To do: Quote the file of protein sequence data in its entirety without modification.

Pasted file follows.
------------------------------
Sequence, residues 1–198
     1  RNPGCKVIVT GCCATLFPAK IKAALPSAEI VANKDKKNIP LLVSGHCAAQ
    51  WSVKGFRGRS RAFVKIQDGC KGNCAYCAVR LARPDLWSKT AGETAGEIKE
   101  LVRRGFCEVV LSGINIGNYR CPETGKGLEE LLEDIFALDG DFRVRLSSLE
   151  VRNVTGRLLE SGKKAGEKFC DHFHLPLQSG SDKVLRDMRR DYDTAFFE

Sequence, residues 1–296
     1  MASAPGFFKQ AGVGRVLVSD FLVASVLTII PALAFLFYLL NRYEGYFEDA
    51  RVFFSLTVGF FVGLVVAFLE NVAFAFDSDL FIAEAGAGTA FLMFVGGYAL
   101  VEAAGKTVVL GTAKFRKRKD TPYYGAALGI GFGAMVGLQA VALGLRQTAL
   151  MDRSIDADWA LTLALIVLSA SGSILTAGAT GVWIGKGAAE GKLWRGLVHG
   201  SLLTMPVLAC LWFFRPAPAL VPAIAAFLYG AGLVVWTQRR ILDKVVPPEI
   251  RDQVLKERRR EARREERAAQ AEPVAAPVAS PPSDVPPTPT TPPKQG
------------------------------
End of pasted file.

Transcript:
Sequence, residues 1–198
     1  RNPGCKVIVT GCCATLFPAK IKAALPSAEI VANKDKKNIP LLVSGHCAAQ
    51  WSVKGFRGRS RAFVKIQDGC KGNCAYCAVR LARPDLWSKT AGETAGEIKE
   101  LVRRGFCEVV LSGINIGNYR CPETGKGLEE LLEDIFALDG DFRVRLSSLE
   151  VRNVTGRLLE SGKKAGEKFC DHFHLPLQSG SDKVLRDMRR DYDTAFFE

Sequence, residues 1–296
     1  MASAPGFFKQ AGVGRVLVSD FLVASVLTII PALAFLFYLL NRYEGYFEDA
    51  RVFFSLTVGF FVGLVVAFLE NVAFAFDSDL FIAEAGAGTA FLMFVGGYAL
   101  VEAAGKTVVL GTAKFRKRKD TPYYGAALGI GFGAMVGLQA VALGLRQTAL
   151  MDRSIDADWA LTLALIVLSA SGSILTAGAT GVWIGKGAAE GKLWRGLVHG
   201  SLLTMPVLAC LWFFRPAPAL VPAIAAFLYG AGLVVWTQRR ILDKVVPPEI
   251  RDQVLKERRR EARREERAAQ AEPVAAPVAS PPSDVPPTPT TPPKQG